Your Regional Guide To The Performing Arts

A Young Writer’s Love Letter to Her Craft



A Young Writer’s Love Letter to Her Craft
Photo Credit: Amanda Finn

The best place for a young theater journalist to be is in a room full of critics.

You will be hard pressed to find a room with more passion or knowledge of the theater. You’ll also be hard pressed to find a more opinionated group of people. And that’s a powerful thing.

Two weeks ago that room could be found at the annual American Theatre Critics Association conference which I co-hosted along with three other unbelievable women and conference chair Lindsay Christians.

This year that conference was held in Spring Green, Wisconsin largely at American Players Theatre. Suddenly APT, a theater that I cherish, became the center for my life for a solid week. 

As part of the conference we held panels on podcasting, problematic female roles in early comedies, racial equity, copyright laws, theater in Wisconsin and even a keynote panel with Emmy and Tony nominated Carrie Coon.

In that whirlwind of a week we managed to find time to gather together as an organization and talk. We talked about where we’ve been, where we are and - most importantly - where we are headed. 

That final conversation is always a doozy as ATCA and its membership are in no way immune to the evolving nature of media.

Over the years members have lost jobs or their platforms. In the two short years I have been a part of the organization I’ve seen it happen several times.

The reality is the role of full-time critic is all but gone from our artistic landscape.

But we’re still here.

Gathering together freelance positions, creating our own platforms, straddling multiple media outlets or devoting our free time to the siren song of theater which beckons us to write about it.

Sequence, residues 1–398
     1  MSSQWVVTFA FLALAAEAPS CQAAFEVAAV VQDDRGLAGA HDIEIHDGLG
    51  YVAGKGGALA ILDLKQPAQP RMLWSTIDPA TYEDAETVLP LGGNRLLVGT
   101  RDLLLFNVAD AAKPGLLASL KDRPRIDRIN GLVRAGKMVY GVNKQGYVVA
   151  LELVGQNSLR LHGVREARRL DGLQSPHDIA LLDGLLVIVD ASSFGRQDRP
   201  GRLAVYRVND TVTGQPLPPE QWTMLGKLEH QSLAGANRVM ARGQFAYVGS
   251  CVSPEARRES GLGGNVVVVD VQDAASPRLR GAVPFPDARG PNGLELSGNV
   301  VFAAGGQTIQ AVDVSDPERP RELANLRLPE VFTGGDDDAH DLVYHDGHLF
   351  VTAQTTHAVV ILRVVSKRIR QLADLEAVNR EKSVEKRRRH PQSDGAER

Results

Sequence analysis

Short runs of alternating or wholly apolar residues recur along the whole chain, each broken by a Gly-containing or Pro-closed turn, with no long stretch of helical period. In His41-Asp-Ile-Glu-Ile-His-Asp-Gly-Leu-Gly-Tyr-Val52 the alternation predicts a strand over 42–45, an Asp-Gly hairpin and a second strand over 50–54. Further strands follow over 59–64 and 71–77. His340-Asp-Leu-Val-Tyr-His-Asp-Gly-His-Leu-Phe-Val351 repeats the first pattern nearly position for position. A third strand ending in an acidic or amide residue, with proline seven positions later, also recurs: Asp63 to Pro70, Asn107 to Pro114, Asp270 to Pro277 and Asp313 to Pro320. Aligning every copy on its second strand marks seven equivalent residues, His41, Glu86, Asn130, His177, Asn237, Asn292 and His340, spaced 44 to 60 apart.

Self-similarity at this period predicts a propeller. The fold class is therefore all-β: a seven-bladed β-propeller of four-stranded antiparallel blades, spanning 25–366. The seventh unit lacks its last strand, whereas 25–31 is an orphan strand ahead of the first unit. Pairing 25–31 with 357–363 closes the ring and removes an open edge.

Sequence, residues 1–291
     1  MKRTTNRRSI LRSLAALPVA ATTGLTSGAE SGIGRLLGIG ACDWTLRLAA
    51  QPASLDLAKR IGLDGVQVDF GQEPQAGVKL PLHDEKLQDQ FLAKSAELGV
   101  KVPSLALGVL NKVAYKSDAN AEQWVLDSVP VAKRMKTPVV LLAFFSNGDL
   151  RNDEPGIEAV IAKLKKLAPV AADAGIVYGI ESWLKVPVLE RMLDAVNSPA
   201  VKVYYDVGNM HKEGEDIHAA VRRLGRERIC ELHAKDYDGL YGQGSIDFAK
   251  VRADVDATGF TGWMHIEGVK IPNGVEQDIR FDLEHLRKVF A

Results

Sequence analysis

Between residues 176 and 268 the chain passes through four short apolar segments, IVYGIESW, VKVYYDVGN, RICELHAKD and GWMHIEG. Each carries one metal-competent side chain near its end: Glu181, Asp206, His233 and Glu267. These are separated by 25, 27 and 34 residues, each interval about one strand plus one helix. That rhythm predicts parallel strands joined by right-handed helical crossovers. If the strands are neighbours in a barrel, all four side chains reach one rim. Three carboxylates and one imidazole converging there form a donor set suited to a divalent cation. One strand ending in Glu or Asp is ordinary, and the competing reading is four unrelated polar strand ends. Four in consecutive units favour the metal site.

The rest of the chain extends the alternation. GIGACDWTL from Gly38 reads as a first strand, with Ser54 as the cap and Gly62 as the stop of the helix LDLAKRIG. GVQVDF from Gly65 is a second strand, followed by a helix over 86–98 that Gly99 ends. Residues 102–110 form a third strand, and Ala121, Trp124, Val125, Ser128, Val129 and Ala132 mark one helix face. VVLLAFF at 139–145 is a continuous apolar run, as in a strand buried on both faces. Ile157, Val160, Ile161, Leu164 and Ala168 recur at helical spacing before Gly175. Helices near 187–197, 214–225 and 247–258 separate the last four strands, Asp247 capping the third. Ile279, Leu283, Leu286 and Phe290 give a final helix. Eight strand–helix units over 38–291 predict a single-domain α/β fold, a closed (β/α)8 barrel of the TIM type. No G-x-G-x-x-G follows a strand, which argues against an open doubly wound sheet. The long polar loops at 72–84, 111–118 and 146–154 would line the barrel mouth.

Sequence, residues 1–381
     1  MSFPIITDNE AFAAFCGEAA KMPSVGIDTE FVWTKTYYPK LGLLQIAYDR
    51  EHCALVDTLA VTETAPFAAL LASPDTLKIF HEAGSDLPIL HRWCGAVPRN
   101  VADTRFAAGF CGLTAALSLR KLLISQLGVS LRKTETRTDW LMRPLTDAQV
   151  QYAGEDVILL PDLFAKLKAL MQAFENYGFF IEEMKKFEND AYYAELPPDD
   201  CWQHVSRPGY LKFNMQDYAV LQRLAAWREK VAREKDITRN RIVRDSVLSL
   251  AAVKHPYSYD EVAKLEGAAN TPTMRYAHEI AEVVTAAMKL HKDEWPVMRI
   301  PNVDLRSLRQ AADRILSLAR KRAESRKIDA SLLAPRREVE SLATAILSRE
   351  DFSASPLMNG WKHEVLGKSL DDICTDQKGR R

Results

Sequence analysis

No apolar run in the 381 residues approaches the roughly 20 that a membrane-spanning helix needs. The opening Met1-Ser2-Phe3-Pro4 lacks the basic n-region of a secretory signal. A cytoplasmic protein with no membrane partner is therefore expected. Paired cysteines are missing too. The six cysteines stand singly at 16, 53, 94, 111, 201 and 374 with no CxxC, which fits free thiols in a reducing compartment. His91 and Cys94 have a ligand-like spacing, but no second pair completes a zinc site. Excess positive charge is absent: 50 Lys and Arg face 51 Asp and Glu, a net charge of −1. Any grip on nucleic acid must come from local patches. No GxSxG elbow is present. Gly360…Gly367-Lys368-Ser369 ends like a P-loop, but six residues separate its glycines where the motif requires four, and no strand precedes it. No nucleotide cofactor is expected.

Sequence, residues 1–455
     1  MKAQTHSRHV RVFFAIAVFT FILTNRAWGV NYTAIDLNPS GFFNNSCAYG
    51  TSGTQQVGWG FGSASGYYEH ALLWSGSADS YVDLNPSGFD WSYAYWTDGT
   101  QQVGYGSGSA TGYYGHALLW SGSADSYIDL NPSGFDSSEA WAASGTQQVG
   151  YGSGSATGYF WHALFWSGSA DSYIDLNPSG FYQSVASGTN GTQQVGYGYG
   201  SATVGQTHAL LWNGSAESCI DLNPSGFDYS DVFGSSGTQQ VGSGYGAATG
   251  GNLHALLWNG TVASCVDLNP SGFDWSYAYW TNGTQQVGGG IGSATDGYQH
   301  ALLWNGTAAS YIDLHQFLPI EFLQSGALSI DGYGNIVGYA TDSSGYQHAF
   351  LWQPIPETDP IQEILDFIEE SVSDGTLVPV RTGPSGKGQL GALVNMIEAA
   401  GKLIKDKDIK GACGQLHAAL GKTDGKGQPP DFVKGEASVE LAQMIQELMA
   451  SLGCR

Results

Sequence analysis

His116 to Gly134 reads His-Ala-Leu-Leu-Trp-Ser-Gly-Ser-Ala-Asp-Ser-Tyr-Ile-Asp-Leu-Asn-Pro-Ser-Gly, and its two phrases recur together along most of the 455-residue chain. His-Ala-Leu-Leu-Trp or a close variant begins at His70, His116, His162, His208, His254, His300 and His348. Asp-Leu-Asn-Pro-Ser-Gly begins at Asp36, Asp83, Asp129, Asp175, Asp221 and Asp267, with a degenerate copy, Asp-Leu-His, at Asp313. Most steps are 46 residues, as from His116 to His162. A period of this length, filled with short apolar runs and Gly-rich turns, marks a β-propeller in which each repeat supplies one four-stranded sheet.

We discussed at length what it means to be a critic in today’s theater.

Amongst ourselves we quibbled about the hardships of our work in a landscape unlike any our profession has seen.

And we learned a lot.

We learned a great deal about ourselves while also learning to cordially disagree with one another. We are, after all, in a position of opinion so it’s par for the course.

The beauty of these conferences is the opportunities it provides for a group of critics to meet with theater practitioners. This chance for dialogue bridges the aisle in a way that is seldom an option in our profession.

One theatermaker in the conference -- this is Jennifer Uphoff Gray for any Forward Theater fans out there -- said that theater artists and critics need one another.

She’s absolutely right.

Critics don’t have to be the Anton Ego of the theater world. The shirking mean muggers who waltz into the theater hoping to burn whatever they see.

If Ego is a good representative for any aspect of criticism, I would point to his epiphany near the end of Ratatouille. That moment when he finally takes a bite of the ratatouille which transports him back to his childhood home and the darkness is lifted from his brow—THAT is the reality of the critic.

We walk into the theater hoping to enjoy our evening. To be transported away from the humdrum of daily living much in the same way actors are transported when they take to the stage.

Theater critics aren’t up there baring their souls on stage -- though anyone who writes for money or fun knows that writing in itself is a means of baring one’s soul.

Some among the 50 or so folks at the ATCA conference this year see nearly 200 shows a year. If that isn’t love of the art form I’m not sure what is.

As someone still new to the profession of journalism—and as far as I know the youngest member of ATCA—the hope of seeing theater for a living professionally is a dwindling one.

And yet as a professional newcomer I also see many of the incorrect assertions of the career as well, which brought me to writing this piece.

There is much to learn in this overwhelming world of ours. A big part of that learning, as artists know, can take place in an audience.

Live theater is unlike any other mode of storytelling because the audience feels what the actors are feeling. The tension is real. As is the atmosphere created by the performance, its space and those that occupy it.

All of that is to say even if the critic and artist are not in tandem in their thoughts they have both experienced something together. That is how they are bound.

Why?

Because we love the theater. If we didn’t we wouldn’t devote our lives to it.

 

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